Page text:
Wednesday, May 17, 2006
There is an article in the May 16th WSJ (Wall Street Journal, as opposed to the other WSJ I know, the Winston-Salem Journal) on D1 regarding the increased cost at certain academic/tertiary care hospitals. The article is referring to a Dartmouth Study that looked at the number of days in the ICU or hospital for patients in the 6 months before their death for 12 chronic medical conditions.
The national average for days in ICU in the 6 months before death was 3.6 days, but UCLA and Thomas Jefferson Med Centers were above 11. Now there may obviously be some selection bias and I have not read the primary report to see if they adjusted for the fact that patients at academic/tertiary care centers may have more aggressive goals.
Well the study is not the most interesting point. The most interesting point is that palliative care got mentioned. At the very end (ironic?). But here is the quote from the Chief Medical Officer at NYU, Dr. Max Cohen:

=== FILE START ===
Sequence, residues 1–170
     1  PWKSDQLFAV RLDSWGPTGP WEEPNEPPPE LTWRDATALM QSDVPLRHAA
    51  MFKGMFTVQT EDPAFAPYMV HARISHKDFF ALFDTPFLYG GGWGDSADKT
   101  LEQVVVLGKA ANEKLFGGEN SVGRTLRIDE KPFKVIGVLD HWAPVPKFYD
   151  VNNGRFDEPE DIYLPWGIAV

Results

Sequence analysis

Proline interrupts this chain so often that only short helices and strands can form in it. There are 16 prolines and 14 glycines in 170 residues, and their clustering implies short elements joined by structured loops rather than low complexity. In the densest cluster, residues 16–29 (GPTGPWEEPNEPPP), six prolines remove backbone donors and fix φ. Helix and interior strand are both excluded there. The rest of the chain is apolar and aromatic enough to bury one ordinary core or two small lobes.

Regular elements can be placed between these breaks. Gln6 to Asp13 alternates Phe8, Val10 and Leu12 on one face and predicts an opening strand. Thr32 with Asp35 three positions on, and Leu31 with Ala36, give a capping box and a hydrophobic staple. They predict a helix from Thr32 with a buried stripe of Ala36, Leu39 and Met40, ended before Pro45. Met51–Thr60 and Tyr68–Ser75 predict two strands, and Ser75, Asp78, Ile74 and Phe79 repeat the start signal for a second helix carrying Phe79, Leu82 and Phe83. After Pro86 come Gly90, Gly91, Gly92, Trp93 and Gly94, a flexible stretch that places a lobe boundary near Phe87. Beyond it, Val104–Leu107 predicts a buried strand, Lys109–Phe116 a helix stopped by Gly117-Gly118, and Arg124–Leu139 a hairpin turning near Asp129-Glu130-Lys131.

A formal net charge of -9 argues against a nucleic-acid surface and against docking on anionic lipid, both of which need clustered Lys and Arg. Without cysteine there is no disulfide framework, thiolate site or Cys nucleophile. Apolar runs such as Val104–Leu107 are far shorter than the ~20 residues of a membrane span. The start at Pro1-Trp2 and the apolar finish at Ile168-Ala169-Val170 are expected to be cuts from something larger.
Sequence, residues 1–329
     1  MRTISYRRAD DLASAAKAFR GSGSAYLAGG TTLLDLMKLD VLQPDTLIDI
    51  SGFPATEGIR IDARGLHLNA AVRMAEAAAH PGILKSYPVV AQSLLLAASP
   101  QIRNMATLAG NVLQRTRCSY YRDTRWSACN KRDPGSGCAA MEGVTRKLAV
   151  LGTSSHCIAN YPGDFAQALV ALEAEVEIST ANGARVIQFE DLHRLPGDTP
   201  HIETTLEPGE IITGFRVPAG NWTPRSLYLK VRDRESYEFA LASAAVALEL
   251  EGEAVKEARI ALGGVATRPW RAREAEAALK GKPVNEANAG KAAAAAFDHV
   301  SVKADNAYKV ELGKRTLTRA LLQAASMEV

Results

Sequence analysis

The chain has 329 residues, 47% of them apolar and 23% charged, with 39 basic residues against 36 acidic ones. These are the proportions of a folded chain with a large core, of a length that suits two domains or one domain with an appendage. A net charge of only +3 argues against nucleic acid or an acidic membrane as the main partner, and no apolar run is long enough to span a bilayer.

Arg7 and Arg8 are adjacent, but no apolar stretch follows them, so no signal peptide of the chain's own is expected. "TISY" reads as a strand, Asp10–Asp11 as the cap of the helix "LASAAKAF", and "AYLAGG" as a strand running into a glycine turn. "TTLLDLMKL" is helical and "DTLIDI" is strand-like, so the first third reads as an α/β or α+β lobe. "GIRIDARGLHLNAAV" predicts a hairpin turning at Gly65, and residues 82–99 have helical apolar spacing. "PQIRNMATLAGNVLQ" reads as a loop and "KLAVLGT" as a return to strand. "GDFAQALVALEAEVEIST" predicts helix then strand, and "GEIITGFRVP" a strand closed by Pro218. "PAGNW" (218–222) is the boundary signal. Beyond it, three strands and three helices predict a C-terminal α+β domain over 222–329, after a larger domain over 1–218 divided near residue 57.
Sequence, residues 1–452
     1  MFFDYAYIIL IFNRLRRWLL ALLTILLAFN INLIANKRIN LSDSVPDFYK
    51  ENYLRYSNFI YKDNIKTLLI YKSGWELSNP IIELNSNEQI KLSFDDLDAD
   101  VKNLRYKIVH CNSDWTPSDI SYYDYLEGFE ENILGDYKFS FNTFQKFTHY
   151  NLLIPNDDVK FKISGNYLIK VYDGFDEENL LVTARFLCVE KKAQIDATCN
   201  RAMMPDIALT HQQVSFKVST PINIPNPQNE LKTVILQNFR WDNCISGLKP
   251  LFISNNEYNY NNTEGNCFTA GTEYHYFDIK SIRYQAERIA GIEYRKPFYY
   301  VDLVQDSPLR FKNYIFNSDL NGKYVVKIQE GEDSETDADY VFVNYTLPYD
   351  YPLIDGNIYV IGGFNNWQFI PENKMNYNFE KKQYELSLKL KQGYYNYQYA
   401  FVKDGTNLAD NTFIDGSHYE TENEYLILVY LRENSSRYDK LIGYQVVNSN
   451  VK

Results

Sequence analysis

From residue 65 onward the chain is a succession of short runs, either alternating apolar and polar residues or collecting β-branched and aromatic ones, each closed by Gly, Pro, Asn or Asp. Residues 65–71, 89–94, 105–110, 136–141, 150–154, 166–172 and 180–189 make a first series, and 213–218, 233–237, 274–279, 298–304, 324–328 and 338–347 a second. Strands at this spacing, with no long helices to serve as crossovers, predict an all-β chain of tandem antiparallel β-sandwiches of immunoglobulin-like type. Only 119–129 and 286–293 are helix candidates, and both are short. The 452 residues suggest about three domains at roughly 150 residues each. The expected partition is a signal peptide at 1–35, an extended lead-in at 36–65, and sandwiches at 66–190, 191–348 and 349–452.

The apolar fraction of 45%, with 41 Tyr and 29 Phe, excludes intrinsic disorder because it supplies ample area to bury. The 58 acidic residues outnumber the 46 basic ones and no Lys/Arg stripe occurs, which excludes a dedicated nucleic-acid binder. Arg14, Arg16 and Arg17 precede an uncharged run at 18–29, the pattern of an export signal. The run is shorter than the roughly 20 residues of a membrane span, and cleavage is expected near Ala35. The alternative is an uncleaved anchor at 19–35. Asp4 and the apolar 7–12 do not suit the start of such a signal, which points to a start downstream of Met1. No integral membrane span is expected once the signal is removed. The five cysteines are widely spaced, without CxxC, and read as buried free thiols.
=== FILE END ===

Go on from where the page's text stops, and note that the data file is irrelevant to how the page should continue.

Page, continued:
"There are very distinct patient and family preferences, and major differences in the culture of different patient populations" that explain some of the above-average use of services, he says. But he adds that the hospital has established "a palliative-care service which we hope can be effective in limiting overuse of resources, where a patient has a terminal disease." (emphasis mine)
Ack! I can't tell you exactly what problem I have with this because I have submitted a letter to the WSJ for publication to better explain what palliative care is. But feel free to discuss in the comment section below.
If the WSJ does not publish my letter, I may show it here for commentary. If anyone knows Dr. Max Cohen, please send him over here. This may have been selective quoting for the article focusing on financial issues, and I am sure he explained much more about the true goals of a palliative care team.